Benjamin introduced us to fascinating phenomenon known as moulins, which are circular shafts that allow meltwater to travel from the surface down into the glacier itself. These are dangerous for hikers, as they can grow exceptionally fast. The water can travel as far down as the base, and may exit out into the sea.
It was amazing to learn just how quickly these glaciers move and change. Workers have rotate every day to come out onto the glacier and work away to create new steps on paths because the ice melts and moves so quickly that if they don’t, it all becomes a slippery and dangerous mess within a couple days. They also have to check and change the anchors very frequently. You’ll see towards the end of the pictures, that Benjamin led us into a small ice opening. After you walk inside for about 10 metres, the hole immediately turns into a vertical drop. Benjamin said that entire opening will be gone within a couple weeks.
Oh yeah, and another cool thing: Not only was this glacier the site of some Game of Thrones scenes, it was also used as a location for Bruce Wayne’s training in Batman Begins. My love of this place tripled when Benjamin told us that.
If Trevor and I ever do come back to Iceland, we’ll definitely be back in the Winter to explore some ice caves.
Now, granted, a four hour hike is nothing severe. However, you throw on those crampons and you add on all the extra effort necessary to dig them into the snow, and it’s a decent enough workout.
We got back to Skaftafell at 1:30; however after getting re-bandaged up, eating a quick lunch, and dropping off some things in the camper, it was already 2:00. This left us six hours until sunset. Trevor and I knew we wanted to do a hike, but we weren’t sure which one. Well, I knew which one I wanted to do. Trevor and I just weren’t on the same page, as you can see:
Me: I bet the view from atop Kristinartindar is great.
Trevor: Dude, you literally chose the only route that’s labelled “difficult.”
Trevor: It takes 6-8 hours.
Trevor: It’s already 2:00.
Trevor: At best, we’ll be back at sunset.
Trevor: And that’s if we hustle the whole way. You know how these Scandinavians are about their hikes. A six hour for them is probably a ten-hour hike for us.
Trevor: You’re really doing this?
Me: We’re really doing this.
Trevor: Let’s do Baejars…tad..ar…let’s do that one! It’s 4-5 hours, and it’s almost as long as the other one.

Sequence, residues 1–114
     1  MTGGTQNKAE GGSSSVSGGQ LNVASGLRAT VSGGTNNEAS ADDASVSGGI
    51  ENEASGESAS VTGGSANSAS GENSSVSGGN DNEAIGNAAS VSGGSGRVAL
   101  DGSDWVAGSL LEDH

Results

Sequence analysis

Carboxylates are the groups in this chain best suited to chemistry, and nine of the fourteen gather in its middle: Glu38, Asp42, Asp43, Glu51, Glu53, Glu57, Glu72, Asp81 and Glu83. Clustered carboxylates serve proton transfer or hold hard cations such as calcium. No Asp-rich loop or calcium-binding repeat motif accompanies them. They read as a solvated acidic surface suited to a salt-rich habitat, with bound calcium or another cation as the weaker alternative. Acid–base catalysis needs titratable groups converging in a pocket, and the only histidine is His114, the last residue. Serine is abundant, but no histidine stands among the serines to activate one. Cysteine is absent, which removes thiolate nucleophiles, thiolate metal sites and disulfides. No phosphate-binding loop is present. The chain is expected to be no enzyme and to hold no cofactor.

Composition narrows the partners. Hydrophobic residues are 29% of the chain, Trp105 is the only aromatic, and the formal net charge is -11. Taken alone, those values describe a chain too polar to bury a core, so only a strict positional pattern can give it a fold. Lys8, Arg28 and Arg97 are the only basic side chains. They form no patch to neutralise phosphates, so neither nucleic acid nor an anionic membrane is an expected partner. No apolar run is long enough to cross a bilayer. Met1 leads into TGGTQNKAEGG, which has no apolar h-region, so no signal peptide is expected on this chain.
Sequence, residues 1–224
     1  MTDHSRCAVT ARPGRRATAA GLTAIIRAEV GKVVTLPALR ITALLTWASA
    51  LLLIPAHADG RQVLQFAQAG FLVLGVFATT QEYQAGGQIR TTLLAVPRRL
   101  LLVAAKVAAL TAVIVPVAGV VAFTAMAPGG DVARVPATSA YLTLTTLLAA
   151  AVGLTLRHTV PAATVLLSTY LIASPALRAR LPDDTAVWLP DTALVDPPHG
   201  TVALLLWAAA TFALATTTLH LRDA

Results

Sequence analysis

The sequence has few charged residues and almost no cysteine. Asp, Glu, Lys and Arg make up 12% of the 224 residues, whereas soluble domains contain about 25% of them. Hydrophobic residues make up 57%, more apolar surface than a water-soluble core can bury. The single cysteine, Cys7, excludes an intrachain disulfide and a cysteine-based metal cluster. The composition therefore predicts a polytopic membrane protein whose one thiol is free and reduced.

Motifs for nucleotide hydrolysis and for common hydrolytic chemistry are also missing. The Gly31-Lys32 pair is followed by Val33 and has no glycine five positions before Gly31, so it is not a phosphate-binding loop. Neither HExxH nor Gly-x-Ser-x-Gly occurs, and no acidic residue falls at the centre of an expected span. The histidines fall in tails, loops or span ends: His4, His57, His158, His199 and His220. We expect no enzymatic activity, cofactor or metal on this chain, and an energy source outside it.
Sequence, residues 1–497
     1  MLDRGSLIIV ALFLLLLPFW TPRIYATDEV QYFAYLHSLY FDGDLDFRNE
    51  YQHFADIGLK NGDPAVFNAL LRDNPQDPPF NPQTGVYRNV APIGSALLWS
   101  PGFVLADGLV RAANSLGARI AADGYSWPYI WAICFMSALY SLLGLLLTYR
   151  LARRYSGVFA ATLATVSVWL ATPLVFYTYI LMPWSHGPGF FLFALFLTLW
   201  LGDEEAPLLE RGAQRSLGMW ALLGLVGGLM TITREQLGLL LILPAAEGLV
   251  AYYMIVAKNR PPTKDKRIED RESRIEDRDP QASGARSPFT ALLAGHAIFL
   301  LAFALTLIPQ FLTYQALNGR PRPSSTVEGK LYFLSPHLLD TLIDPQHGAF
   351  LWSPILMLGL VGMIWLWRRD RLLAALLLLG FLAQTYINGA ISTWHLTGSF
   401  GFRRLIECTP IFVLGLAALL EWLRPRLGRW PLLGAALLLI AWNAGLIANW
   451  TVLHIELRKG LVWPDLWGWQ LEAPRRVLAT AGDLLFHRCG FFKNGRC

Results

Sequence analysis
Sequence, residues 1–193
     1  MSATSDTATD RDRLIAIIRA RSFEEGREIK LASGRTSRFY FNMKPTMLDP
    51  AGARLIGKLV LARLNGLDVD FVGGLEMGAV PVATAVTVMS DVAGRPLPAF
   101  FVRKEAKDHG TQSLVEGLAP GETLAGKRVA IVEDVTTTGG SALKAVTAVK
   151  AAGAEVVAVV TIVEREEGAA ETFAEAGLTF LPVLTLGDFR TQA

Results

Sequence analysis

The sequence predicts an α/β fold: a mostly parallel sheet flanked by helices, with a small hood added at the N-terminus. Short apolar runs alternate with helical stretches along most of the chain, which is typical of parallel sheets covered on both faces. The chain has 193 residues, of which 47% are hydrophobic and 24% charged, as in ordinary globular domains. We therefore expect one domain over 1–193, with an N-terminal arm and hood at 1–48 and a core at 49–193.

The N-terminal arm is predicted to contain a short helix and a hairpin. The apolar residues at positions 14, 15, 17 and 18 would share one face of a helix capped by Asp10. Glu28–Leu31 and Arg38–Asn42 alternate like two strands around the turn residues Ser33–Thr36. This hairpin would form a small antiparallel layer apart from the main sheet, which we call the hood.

Trevor: I really don’t want to get lost or trip on a rock coming back in the dark.
Trevor: Let’s go refill our water bottles….
Me: That’s the spirit!
Trevor: Shut up. I’m not talking to you.
And that’s how we ended up hauling ass up to Kristinartindar and back! But just look at it!
Trevor kept pointing out that we were the only “idiots” walking towards the mountain. Everybody with “common sense” had started the hike early enough that they were already on their way back.
We barely stopped for water and snack breaks until we got close to the end and it got significantly vertical. I actually had really enjoyed the hike up until this point, and I was proud of the time that we made.
Then things got a lot less fun–not because it got steeper, but because of the nature of the trail. Up until then, it’d been your standard dirt/rock-littered path Then we got to this sign, and we had to take a hard left.
At this point, the path disintegrated into nothing but loose stones and rocks. The climb up, while challenging, was manageable. However, the entire time, I kept thinking, I’m so going to fall and hurt myself on the way down. And I know it doesn’t look that bad in the pictures, but that’s because every time it got particularly slippery, I had the sense to put my phone away. But believe me, it was not a fun climb down.
Trevor was being all dramatic towards the end.
We finally got to the top of the ridge, and were greeted by this spectacular view.
Unfortunately, then we turned to the left and saw this:
The final ascent. Sadly, we never made it to the top. This part was nothing but loose pebbles, and I could barely walk UP without slipping; I couldn’t bear to think what climbing down would be like. Within two minutes, we turned around, enjoyed our sandwich while enjoying the view of the glacier and the sound of ABSOLUTE SILENCE. I think that was more breathtaking than the view itself.
Eventually, I knew I couldn’t delay it anymore, and it was time to start making our way down. Imagine you’re walking downhill, and then some jerk throws a bag of marbles at your feet. You suddenly find yourself surfing downhill rather than hiking downhill. That’s what this part of the hike was like. I almost tumbled on at least half a dozen different occasions. But we made it back down to the dirt path in one piece and started to make our way back towards Skaftafell.
Trevor was in much better spirits on the hike back because he knew that not only were we definitely going to make it back before sundown, but the worst was over.
Since we didn’t do that last portion of the hike, we got back well before sunset, and with more than enough time before the cafeteria closed for me to treat Trevor to a well-deserved drink for his efforts.